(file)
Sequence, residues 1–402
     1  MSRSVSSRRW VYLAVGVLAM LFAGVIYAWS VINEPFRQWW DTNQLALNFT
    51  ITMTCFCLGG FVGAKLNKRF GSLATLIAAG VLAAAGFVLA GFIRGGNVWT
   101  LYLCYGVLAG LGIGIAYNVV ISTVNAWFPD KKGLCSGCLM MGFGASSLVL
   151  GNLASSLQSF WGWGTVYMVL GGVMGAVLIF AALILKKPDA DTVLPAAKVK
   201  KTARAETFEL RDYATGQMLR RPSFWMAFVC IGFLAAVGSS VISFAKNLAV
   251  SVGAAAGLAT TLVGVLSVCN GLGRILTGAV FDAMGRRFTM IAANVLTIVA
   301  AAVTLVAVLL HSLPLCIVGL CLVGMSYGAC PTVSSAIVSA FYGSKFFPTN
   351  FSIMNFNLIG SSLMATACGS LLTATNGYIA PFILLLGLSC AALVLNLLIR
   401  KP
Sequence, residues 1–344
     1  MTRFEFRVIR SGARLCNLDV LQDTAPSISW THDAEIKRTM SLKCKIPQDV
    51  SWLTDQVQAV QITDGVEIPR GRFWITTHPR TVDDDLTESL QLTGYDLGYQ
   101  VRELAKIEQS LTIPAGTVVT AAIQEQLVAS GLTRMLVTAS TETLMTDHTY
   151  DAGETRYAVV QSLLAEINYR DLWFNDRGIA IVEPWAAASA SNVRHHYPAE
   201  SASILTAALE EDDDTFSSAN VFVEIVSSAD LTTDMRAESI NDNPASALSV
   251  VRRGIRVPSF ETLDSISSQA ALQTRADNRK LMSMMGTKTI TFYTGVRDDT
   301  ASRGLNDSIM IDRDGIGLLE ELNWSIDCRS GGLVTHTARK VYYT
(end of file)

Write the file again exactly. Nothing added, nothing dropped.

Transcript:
Sequence, residues 1–402
     1  MSRSVSSRRW VYLAVGVLAM LFAGVIYAWS VINEPFRQWW DTNQLALNFT
    51  ITMTCFCLGG FVGAKLNKRF GSLATLIAAG VLAAAGFVLA GFIRGGNVWT
   101  LYLCYGVLAG LGIGIAYNVV ISTVNAWFPD KKGLCSGCLM MGFGASSLVL
   151  GNLASSLQSF WGWGTVYMVL GGVMGAVLIF AALILKKPDA DTVLPAAKVK
   201  KTARAETFEL RDYATGQMLR RPSFWMAFVC IGFLAAVGSS VISFAKNLAV
   251  SVGAAAGLAT TLVGVLSVCN GLGRILTGAV FDAMGRRFTM IAANVLTIVA
   301  AAVTLVAVLL HSLPLCIVGL CLVGMSYGAC PTVSSAIVSA FYGSKFFPTN
   351  FSIMNFNLIG SSLMATACGS LLTATNGYIA PFILLLGLSC AALVLNLLIR
   401  KP
Sequence, residues 1–344
     1  MTRFEFRVIR SGARLCNLDV LQDTAPSISW THDAEIKRTM SLKCKIPQDV
    51  SWLTDQVQAV QITDGVEIPR GRFWITTHPR TVDDDLTESL QLTGYDLGYQ
   101  VRELAKIEQS LTIPAGTVVT AAIQEQLVAS GLTRMLVTAS TETLMTDHTY
   151  DAGETRYAVV QSLLAEINYR DLWFNDRGIA IVEPWAAASA SNVRHHYPAE
   201  SASILTAALE EDDDTFSSAN VFVEIVSSAD LTTDMRAESI NDNPASALSV
   251  VRRGIRVPSF ETLDSISSQA ALQTRADNRK LMSMMGTKTI TFYTGVRDDT
   301  ASRGLNDSIM IDRDGIGLLE ELNWSIDCRS GGLVTHTARK VYYT